Nights are chilly now, and darkness falls at around 7pm here in New Brunswick. We continue to pick giant zucchinis from our organic garden and the last straggling tomatoes, and I have been eagerly following the progress of my tiny winter kale and lettuce seedlings that I planted at the last minute. I am still hoping they will grow grow grow, and that I wasn’t too late.
I am not much of a movie enthusiast in general, but I was under the weather recently, and I found myself watching a documentary called “Bananas”, (available on netflix), directed by Fredrik Gertten, which tells the story of a group of Nicaraguan banana plantation workers who have been rendered sterile (in addition to suffering from a host of other ailments) and the courageous lawyer Juan Dominguez who takes on their case against the Dole fruit company, whose apparently criminally negligent use of pesticides on their plantations have caused such suffering for their workers. The film is nerve-wracking and totally heartbreaking, and while I have long been aware of the inordinate quantity of chemicals used to grow bananas (and I always buy organic), “Bananas: The Movie” really brings to the fore the degree to which multinational corporations prioritize profit over human dignity.
The film brought to mind the recently published (Annals of Internal Medicine) Stanford University meta-study which shows “no significant health benefit” to organic food over conventionally grown food.
I have heard similar attacks on organic growing before, which emphasize the finding that organic and conventionally grown produce contain similar levels of vitamins. But since the study came out, I have read and heard several interviews with scientists who have gone on to dismiss the popularity of organic and locally grown foods as fetishistic and faddish, and simply a class marker by those who feel superior…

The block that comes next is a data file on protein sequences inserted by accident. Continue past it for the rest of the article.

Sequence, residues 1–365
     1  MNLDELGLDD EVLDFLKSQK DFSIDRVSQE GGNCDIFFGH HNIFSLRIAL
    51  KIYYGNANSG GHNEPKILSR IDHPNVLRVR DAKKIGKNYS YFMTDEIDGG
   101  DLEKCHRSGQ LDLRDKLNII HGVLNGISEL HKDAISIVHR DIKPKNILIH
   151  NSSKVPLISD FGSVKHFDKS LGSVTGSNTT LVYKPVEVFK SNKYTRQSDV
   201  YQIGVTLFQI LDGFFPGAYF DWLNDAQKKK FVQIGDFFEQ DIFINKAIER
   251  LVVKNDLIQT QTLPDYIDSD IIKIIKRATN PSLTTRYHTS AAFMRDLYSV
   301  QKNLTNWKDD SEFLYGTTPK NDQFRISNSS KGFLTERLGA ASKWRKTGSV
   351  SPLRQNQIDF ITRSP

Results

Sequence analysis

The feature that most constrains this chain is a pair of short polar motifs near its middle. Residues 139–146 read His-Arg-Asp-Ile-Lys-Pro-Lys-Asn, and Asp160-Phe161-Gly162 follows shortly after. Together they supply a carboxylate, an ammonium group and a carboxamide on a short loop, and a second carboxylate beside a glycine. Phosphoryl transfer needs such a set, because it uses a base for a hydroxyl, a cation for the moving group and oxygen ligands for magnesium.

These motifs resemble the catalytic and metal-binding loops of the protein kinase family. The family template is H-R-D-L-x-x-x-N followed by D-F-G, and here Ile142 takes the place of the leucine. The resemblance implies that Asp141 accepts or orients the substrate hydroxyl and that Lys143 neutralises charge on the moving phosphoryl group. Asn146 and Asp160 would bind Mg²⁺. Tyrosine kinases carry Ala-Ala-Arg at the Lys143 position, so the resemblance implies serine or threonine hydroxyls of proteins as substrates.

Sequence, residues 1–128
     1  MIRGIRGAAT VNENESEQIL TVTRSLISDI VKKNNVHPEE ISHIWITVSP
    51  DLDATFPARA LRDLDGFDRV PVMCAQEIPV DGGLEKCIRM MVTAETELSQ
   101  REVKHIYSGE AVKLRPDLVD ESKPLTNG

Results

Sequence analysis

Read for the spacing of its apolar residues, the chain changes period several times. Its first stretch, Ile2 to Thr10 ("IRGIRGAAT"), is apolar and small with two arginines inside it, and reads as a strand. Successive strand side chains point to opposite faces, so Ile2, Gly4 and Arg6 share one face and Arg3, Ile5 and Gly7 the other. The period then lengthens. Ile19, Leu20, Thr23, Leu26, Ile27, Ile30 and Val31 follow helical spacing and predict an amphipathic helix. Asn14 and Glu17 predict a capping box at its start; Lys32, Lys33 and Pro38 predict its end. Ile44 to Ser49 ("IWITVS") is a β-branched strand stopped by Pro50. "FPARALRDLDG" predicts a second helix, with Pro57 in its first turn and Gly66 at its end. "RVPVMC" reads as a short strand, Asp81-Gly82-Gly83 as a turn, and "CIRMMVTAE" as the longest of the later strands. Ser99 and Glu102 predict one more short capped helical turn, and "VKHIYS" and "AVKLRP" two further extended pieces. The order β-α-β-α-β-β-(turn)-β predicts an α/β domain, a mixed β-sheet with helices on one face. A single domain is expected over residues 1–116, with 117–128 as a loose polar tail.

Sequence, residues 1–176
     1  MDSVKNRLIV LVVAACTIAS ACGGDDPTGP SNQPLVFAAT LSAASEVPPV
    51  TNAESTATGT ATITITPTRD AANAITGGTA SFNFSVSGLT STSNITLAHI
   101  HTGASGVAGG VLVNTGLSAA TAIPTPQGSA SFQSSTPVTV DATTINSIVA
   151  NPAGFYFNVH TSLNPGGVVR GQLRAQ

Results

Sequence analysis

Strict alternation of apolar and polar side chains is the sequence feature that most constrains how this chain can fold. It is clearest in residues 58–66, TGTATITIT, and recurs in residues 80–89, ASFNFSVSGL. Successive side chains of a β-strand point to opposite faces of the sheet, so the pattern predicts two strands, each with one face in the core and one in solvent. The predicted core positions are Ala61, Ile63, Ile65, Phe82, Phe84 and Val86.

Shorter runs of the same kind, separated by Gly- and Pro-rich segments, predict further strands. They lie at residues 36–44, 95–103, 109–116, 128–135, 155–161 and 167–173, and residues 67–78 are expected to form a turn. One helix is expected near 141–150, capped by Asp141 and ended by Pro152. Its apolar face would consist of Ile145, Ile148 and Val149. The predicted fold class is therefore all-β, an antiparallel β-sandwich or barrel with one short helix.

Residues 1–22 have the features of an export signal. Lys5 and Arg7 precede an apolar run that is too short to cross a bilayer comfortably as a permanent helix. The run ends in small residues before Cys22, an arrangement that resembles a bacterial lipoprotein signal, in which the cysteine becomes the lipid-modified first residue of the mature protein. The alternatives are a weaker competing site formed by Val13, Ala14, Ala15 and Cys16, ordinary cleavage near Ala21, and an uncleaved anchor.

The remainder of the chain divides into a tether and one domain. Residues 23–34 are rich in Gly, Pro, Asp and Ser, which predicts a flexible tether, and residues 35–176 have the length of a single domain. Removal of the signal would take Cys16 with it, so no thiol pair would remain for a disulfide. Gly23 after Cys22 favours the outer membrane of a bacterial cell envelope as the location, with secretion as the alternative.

Well, I and a number of others take great issue with this interpretation and with the study itself, which focuses on the vitamin and nutrient issue, while minimizing the issue of pesticides and chemicals which for myself, and many others, is the central motivation for buying organic foods at a premium. And the fact is that yes, the levels of pesticide residues found on conventionally grown foods are much higher than the residues found on organically grown products. But beyond my concern for the health and safety of my children (keep in mind that organophosphates have been linked to learning difficulties in kids), the decision to purchase organically grown foods is political, also. The dangers of pesticides are far greater for those who work in the banana plantations of Nicaragua, or the potato fields of Carleton County, New Brunswick, than they are for the end consumer. The use of chemicals and pesticides in industrial farming harms primarily those workers who have no other opportunities for employment.
I’ll never eat a banana again without thinking of the haunting footage from the 70s of that little girl my daughter’s age, frolicking next to a bucket of poison supplied by Dow Chemical. I wonder where that little girl is now.
I am quite pleased with this new little website of mine. I’ve been hard at work on this baby for a while now. I will be posting recipes and much more soon, and although I know I’m late in the game, I hope I might be able to give you some fresh ideas on the question of what to do with masses of humungous courgettes and billions of tomatoes. I swear I can not give my zucchinis away right now…Stay tuned!